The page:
"I love movies and TV shows," Canadian prime Minister Stephen Harper says flatly in a campaign video posted to Twitter last night, his chrome helmet of hair looking like it could deflect a laser beam. "One of my all-time favourites is Breaking Bad. It's even available on some online streaming services, if you've never seen it."
The prime minister's facehole then creaks into a smile, assuring millennials around the country that his machine brain contains the empathy unit necessary for appreciating some good-ass digital content. And, of course, he staunchly opposes a "Netflix tax" that none of his opponents in the current election race have actually proposed.
Bizarre appeals to "the kids" aren't new in Canadian politics, and neither is scare-mongering, unfortunately. Since the video's release, both the Liberal Party and NDP leadership have gone on record saying they oppose a tax on online streaming services.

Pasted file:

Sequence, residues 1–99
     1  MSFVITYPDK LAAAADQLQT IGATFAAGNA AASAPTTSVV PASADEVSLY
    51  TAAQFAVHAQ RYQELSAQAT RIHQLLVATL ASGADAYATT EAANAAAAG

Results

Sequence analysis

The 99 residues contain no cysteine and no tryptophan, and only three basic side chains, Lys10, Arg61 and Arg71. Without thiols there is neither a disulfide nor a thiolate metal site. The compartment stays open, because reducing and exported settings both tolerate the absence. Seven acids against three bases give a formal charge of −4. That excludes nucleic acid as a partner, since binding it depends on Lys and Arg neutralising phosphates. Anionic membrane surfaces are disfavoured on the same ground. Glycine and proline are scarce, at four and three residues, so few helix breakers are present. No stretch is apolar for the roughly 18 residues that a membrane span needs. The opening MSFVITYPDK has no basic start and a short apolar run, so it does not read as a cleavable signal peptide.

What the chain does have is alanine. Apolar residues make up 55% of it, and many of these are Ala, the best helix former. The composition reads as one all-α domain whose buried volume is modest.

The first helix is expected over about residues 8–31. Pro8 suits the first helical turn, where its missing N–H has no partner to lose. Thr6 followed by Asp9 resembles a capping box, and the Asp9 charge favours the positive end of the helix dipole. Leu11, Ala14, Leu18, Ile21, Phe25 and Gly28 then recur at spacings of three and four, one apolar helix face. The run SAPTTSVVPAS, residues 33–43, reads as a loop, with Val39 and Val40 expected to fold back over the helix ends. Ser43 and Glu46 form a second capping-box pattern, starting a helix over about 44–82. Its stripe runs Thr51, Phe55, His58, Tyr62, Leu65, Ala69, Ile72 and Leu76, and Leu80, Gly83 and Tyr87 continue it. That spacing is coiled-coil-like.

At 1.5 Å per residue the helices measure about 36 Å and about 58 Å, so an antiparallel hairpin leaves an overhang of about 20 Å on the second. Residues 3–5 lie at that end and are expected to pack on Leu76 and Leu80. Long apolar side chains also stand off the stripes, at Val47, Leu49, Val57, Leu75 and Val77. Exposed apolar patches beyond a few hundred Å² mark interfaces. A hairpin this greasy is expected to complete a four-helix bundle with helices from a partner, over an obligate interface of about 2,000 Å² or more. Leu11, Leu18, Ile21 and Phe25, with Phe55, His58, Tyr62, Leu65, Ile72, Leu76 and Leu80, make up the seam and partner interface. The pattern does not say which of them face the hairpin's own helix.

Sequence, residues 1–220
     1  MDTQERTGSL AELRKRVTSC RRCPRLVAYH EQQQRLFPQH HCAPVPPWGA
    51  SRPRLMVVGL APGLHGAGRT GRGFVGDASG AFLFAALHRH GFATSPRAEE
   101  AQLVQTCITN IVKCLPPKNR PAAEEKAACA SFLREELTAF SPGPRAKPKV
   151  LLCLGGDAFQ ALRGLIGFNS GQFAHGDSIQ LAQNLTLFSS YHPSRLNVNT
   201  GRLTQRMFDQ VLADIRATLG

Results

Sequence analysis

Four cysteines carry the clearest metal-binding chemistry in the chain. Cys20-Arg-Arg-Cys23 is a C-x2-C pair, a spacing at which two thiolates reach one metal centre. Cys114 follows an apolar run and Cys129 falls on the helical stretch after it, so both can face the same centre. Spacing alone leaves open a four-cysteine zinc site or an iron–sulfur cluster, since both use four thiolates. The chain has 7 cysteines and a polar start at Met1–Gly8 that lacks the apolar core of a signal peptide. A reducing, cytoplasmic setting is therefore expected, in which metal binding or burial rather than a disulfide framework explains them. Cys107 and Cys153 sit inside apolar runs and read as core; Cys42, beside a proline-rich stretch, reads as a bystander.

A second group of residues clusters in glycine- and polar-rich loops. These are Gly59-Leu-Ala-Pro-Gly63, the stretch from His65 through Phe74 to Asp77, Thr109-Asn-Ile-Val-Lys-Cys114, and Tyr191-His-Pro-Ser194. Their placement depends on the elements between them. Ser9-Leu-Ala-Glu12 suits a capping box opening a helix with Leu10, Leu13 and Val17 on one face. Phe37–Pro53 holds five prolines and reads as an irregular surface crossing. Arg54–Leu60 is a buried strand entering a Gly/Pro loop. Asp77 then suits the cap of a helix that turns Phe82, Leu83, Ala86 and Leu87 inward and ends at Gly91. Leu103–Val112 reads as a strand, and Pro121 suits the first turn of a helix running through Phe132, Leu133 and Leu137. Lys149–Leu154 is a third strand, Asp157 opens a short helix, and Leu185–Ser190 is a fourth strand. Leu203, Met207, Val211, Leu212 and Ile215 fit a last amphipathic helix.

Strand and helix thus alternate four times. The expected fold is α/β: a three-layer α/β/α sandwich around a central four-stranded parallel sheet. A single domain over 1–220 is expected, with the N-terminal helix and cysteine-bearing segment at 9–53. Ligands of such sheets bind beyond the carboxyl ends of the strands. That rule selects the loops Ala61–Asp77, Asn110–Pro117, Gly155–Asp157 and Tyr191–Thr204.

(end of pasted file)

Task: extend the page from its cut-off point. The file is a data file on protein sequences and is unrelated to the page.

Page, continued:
But Harper does have some ground to stand on here. A tax on online streaming services was planned and then rejected by the Liberal-led Ontario government last year. The Harper government itself also raised the possibility in the 2014 budget. This year, Canadian regulators considered a tax and then backed down.
We probably have more concerning things to worry about in the current election period—a looming trade deal that could open the door to website blocking and new criminal charges in Canada is just one example—but Harper's glorious awkwardness never gets old.